In comparative mythology, parallelomania is the phenomenon in which scholars perceive similarities, parallels and analogies between myths. Ironically, the term is often used in a derogatory manner to describe non-religious scholars.

Examples of parallelomania include, for instance, the fact that many cultures have believed in a deus otiosus, a personal god who interferes with humanity; flooding myths are common also; as are creation myths in which a group of younger, more civilized gods struggle against a group of older gods who represent the forces of chaos; there are also many stories about divine figures whose death creates an essential part of reality; and many mythologies mention a place that sits at the centre of reality and acts as a point of contact between different levels of the universe.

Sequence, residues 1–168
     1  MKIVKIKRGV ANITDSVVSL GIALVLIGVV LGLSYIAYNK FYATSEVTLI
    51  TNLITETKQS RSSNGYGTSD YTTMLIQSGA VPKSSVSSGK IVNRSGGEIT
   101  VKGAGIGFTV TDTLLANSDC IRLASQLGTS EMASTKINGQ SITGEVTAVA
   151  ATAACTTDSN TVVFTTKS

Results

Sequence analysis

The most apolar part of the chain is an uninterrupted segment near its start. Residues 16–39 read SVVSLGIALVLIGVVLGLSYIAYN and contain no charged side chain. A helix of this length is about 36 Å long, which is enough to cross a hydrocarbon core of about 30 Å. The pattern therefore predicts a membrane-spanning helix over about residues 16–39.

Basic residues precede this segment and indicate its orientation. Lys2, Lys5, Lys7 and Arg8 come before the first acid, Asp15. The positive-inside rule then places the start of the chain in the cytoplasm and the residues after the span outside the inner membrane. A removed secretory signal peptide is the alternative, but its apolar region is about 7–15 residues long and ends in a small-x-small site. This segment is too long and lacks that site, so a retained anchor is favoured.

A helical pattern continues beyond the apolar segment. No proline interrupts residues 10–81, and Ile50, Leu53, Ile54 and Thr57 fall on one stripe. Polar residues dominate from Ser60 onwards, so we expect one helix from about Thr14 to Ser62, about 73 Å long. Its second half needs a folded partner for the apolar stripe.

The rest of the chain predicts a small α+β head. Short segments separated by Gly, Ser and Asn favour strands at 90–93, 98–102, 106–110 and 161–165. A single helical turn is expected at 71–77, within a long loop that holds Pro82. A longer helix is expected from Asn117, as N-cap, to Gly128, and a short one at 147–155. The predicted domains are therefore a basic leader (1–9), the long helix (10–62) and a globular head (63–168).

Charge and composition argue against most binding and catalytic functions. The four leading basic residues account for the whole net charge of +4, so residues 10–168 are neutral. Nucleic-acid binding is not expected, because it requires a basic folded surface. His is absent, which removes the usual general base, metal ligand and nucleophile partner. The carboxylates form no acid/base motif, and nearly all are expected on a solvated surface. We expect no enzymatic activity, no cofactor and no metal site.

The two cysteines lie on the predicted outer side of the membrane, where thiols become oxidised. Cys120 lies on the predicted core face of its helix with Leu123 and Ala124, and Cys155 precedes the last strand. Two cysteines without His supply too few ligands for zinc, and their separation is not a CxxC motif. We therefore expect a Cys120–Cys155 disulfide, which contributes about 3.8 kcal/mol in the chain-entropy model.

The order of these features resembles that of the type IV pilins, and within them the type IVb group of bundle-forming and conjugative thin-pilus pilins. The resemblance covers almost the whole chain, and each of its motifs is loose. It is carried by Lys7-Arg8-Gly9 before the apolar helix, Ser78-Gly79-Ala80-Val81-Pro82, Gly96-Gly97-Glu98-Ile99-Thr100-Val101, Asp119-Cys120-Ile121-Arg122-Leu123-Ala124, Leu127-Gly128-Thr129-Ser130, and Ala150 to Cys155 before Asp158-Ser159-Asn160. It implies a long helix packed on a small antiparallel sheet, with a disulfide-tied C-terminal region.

“He was a saviour, Mithras, sent to earth to live as a mortal, through whom it was possible for sinners to be reborn into immortal life. He died for our sins, but came back to life the following Sunday. He was born of a virgin on December 25th, in a manger or perhaps a cave, attended by shepherds, and became known as ‘the light of the world’. He had twelve disciples, with whom he shared a last meal before dying. His devotees symbolically consumed the flesh and blood of him. Because Mithras was a sun god, he was worshipped on Sundays. […] There’s a great deal in Christianity that is traditional. And however wonderful people think the story is, it’s, frankly, not original.”

– Stephen Fry


In Christian mythology, the antediluvian period is the biblical period between the Fall of man (when, at the beginning of time, in a magical garden, a talking snake convinced a man and woman to eat some fruit, whereupon the creator of the universe decided to abandon the garden and sentence humankind to death) and the flood (the moment when god decided to start over with mankind and drown everyone except a man called Noah and his family).